There’s always something magical about this part of Liverpool for a music fan, and even our short walk from the car involved a few landmarks, including the Cunard Building which last summer hosted the marvellous About the Young Idea exhibition, the Eleanor Rigby sculpture, then on Mathew Street itself a chance to pose with bronze depictions of John Lennon and recent arrival Cilla Black.
As Russell put it, this was the band’s ‘second hometown’, and after descending the steps to the venue, you can’t help but be impressed by those Mount Rushmore-like Fab Four carvings.
Elsewhere, The Rolling Stones look on in an illustration in the far bar, while on stage the in-house support was more than a run-of-the-mill Lennon lookalike, adding character to his chosen covers, from The Word through to Stand By Me and all points between.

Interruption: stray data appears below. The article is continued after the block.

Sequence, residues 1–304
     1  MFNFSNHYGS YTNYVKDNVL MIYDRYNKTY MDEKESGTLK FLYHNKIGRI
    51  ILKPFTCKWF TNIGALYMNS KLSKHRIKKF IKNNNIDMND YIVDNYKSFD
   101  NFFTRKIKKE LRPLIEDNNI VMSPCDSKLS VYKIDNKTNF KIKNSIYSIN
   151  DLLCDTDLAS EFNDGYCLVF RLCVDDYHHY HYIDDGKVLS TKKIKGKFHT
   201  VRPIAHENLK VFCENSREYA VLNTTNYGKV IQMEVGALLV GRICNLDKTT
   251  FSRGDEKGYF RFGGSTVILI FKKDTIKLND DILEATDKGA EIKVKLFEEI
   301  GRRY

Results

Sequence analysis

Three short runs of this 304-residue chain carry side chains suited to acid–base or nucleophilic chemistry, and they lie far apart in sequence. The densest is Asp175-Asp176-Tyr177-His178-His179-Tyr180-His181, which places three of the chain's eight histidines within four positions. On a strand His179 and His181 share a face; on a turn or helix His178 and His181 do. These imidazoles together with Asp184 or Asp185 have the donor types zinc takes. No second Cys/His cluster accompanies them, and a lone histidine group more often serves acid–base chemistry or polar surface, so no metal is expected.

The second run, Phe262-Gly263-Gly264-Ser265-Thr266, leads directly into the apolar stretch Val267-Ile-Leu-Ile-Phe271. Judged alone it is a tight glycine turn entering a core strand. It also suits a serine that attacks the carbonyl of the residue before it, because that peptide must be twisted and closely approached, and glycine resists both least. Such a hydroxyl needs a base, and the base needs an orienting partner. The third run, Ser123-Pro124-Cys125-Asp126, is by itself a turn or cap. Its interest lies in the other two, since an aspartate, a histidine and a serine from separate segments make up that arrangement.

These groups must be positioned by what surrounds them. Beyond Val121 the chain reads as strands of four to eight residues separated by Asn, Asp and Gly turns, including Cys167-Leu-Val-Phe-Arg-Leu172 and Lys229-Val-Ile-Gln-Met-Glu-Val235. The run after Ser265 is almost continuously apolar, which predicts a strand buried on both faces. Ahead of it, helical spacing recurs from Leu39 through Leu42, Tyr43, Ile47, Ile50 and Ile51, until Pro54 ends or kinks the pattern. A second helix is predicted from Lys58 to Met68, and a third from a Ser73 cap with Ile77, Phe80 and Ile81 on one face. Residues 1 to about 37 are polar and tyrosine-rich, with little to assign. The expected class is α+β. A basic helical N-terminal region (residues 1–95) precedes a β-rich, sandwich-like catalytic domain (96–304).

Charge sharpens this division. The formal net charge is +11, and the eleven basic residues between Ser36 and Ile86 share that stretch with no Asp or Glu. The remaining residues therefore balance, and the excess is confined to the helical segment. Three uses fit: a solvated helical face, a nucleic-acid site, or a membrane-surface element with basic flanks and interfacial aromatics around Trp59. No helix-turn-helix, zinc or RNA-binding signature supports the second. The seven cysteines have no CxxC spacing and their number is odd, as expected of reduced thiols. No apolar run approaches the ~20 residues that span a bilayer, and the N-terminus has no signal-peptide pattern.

Soon, the PA blared out Circus and our special guests arrived. And while this was no sonic triumph – the sound weaving in and out and only really resonating for the last few songs – the technical team did their best, the quality of the songs and our trio’s delivery seeing us through.
The Jam spirit was there from the off, as if spurred on by an electric charge trapped within these famous walls, tonight’s in-crowd playing their part from the opening chop-chords of Saturday’s Kids and bass throb intro of When You’re Young right through.